Home > Traditions > Neewollah Memory Lane

Neewollah Memory Lane

Neewollah Floats from 1920 - 1930

of
Writer wrote:

I have always loved this picture of my sister-in-law and her two sisters and her mother (the driver) on this fabulous float in the Neewollah parade. I have no idea what year this is, but my sister-in-law, Clarie Peek (Dubbels) will be 100 years old on October 16. Her oldest sister, the one on the back by the driver, Marguerite (Mickey) Corley (Dubbels) passed away in 2010 at the age of 98 1/2. The middle sister, Dorothea (Dotty) Lange (Dubbels) lived to be 95. Their mother, Anny Eugenia (Billy) Dubbels had an antique store in Independence, Kansas, and lived to be age 87. Must be the fresh Kansas air!!!

My sister-in-law's mother came to America from Switzerland and her father John Henry Dubbels came to America from Germany.

The largest annual celebration in southeastern Kansas has come a long way since its beginning in 1919 as a way to keep playful pranksters out of mischief on Halloween night. For one full week, Neewollah entertains people from all walks of life, and Independence, a town of around 11,000, becomes a city of over 80,000.

Neewollah offers musical stage shows, queen competition and coronation, carnival, concessions, street acts, artists alley, and top performers in the entertainment world. Past performers include Patty Loveless and the Nitty Gritty Dirt Band.

The festival, normally held the last full week of October, is topped off by one of the biggest and grandest parades ever, a two hour kaleidoscope of music, color, pageantry and just good old fun!

Have you figured out what Neewollah stands for? It's Halloween spelled backwards!

The Neewollah festival, the largest annual celebration in Kansas, dates back to the end of World War I. In reading the newspapers of the day, apparently Halloween 1918 had been an extremely rough year in terms of the number of "tricks" pranksters had invoked on the Independence population. Accordingly, city fathers sought a healthy diversion to the good natured but nonetheless destructive vandalism that Halloween had imposed in those days. Neewollah was created as an outlet for young people's natural energy during Halloween.

The original Neewollah celebration was a one day county fair with rodeo, horse show, night parade and a queen. During the Roaring Twenties the celebration expanded to two days and an additional rodeo parade was added. Neewollah continued to be celebrated in a scaled down version until the onset of the great depression of the 1930s. It was revived in 1938 but later again disbanded during World War II.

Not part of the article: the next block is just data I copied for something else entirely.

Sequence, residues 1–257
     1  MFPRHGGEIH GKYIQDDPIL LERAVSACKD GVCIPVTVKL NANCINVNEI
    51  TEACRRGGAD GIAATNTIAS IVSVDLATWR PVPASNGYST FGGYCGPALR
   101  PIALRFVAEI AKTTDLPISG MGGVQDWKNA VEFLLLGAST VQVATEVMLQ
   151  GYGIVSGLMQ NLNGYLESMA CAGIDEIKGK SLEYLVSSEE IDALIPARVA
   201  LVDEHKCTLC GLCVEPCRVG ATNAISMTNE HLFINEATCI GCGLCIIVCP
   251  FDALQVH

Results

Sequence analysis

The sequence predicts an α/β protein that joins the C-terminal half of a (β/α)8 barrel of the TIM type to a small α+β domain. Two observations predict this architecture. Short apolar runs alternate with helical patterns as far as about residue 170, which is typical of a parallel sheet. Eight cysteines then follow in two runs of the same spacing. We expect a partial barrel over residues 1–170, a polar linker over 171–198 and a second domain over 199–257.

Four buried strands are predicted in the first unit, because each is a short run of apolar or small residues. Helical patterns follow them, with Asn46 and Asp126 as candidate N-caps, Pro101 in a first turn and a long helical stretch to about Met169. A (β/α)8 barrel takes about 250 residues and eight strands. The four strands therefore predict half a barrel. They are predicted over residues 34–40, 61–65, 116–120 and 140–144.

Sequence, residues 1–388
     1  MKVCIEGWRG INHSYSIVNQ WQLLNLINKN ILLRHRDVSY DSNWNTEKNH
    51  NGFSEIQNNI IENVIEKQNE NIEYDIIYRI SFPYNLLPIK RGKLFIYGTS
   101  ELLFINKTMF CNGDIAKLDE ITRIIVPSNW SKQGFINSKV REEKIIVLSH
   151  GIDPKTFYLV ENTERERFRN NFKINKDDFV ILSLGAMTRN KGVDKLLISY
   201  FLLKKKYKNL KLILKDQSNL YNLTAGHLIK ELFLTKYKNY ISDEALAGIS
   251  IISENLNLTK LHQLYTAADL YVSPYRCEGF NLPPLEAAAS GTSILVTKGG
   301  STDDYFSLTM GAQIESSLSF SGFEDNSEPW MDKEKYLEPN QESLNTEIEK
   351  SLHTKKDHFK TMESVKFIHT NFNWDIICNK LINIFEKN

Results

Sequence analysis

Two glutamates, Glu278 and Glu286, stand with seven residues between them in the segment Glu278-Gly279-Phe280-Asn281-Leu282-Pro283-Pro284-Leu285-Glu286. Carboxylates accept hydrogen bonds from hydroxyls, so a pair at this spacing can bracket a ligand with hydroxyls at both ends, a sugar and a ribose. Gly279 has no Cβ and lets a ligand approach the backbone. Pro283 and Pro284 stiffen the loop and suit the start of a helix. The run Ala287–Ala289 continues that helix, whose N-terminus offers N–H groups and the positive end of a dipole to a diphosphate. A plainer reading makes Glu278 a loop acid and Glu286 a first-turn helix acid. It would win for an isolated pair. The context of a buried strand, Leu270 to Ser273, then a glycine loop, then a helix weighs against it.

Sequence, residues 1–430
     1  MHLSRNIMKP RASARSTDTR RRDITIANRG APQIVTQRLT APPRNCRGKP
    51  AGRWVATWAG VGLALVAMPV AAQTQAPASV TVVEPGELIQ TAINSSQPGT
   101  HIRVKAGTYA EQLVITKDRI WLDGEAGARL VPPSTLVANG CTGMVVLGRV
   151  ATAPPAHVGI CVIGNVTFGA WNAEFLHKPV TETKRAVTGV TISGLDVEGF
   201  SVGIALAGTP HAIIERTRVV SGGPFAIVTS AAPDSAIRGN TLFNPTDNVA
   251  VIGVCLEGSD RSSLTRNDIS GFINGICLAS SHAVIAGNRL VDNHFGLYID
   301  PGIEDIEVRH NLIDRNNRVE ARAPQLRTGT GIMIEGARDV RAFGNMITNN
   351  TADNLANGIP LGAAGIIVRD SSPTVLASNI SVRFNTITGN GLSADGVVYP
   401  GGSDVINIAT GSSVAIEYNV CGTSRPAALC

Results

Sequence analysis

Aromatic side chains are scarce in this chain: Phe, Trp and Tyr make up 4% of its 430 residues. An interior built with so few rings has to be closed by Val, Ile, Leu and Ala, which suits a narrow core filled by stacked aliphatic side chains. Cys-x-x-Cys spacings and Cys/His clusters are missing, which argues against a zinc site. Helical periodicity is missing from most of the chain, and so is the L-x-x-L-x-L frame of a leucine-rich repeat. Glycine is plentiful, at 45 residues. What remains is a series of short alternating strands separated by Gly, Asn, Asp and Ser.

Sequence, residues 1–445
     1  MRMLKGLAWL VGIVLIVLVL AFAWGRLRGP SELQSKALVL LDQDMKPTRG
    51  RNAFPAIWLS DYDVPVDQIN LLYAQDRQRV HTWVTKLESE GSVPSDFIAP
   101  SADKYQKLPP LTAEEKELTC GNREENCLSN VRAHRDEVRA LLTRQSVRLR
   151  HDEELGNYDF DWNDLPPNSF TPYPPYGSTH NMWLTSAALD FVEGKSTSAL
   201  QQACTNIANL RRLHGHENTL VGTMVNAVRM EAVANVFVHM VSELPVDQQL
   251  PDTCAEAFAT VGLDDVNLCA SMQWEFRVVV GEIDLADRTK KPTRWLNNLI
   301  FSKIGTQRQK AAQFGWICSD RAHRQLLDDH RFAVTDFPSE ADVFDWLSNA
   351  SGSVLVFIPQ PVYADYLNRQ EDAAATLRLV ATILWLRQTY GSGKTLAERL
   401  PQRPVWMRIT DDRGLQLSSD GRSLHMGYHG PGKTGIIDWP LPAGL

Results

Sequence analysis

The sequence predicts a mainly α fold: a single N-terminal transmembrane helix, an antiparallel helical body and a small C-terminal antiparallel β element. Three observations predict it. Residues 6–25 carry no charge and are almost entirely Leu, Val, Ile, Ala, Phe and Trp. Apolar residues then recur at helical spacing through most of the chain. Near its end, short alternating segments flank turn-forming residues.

By the early 1970's Neewollah was on the brink of collapse. A combination of bad weather and unforeseen expenses had led Neewollah almost to financial ruin. A board of directors was formed to oversee the celebration and watch the expenditures. And Neewollah committeeman Jerry Webb went door to door asking for local contributions. Finally, the celebration got back on its feet and since that time has flourished and
prospered.

Daily Events - The Medallion Hunt kicks off the ten day celebration on the next to last Wednesday of October. The musical now runs three days with two evening performances and a matinee. Over 2500 people routinely see the Neewollah musical or 25% of the towns population.

The Queen Neelah pageant is held at Memorial Hall auditorium (a 2000 seat modernized auditorium built at the end of World War I) Queens talent night is Monday night of the Neewollah week and the coronation is Tuesday evening followed by a dance. In 1966 as an added treat the Neewollah queen was crowned by the reigning Miss America, Deborah Bryant and we had a return appearance by Miss America Tara Dawn Holland in 1997. The Queen Neelah pageant is always a great favorite with the crowd and approximately 30 to 35 high school seniors compete for the crown of Queen Neelah.

Wednesday night is family carnival night downtown with the opening of the food stands on the street and the reduced prices for the carnival. Thursday night is the continuation of downtown activities and a third parade, called simply the Doo Dah Parade. It is the adult version of the Kiddies parade and has grown in popularity since its inception in 1993.

Friday afternoon is the Kiddies parade at 4:00 and followed by street acts and street activities. Some years, a variety of different professional shows have performed in Memorial Hall on Friday night.

Saturday is the big day, with the largest parade in Kansas, the Neewollah Grand Parade. This is followed by free street acts and a high school marching band competition. Saturday night is the professional show which always presents a top act. Still going strong after nearly 40 years booking acts for Neewollah is one of its founders, Jim Halsey who actually helped started it all back in 1959.

The one constant in all of Neewollah since it was revitalized in 1959 has been community volunteerism. Without the work of hundreds of community volunteers, the celebration could not be put on.

of
Back to
Top
< Back
X